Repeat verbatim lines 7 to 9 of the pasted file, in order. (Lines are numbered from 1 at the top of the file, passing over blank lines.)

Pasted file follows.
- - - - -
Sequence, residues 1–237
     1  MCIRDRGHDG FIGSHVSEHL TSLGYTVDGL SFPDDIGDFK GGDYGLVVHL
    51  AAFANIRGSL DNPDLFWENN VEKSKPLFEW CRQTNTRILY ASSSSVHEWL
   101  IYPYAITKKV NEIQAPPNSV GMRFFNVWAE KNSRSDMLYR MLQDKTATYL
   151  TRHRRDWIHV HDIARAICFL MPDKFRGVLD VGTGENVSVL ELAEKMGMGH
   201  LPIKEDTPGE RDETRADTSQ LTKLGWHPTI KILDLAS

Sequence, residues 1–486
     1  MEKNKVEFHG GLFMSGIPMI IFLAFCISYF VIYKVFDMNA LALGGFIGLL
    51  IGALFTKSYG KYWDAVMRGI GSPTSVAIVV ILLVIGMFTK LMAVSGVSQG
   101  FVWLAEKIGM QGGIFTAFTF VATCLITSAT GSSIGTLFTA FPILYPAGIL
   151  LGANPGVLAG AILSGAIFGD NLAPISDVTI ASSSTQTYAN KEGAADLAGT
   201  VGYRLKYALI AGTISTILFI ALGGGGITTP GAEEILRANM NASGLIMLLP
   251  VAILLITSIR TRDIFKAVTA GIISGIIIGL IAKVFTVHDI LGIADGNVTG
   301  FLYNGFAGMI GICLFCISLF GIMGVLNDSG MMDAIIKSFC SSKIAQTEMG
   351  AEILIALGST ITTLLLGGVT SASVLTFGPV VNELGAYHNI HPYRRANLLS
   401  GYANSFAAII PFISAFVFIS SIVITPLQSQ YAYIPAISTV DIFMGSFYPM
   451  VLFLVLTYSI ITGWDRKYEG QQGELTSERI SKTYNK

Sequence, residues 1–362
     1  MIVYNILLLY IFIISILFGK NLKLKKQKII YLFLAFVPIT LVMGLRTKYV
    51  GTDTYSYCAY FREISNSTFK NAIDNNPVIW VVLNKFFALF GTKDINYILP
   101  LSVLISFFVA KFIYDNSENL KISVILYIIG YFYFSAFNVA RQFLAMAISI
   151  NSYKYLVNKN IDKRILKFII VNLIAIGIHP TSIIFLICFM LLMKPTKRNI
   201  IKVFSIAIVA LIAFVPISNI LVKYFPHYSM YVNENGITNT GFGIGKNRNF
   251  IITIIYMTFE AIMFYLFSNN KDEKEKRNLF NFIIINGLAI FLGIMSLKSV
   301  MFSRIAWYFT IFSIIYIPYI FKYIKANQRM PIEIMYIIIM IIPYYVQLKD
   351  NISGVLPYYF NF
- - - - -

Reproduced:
Sequence, residues 1–486
     1  MEKNKVEFHG GLFMSGIPMI IFLAFCISYF VIYKVFDMNA LALGGFIGLL
    51  IGALFTKSYG KYWDAVMRGI GSPTSVAIVV ILLVIGMFTK LMAVSGVSQG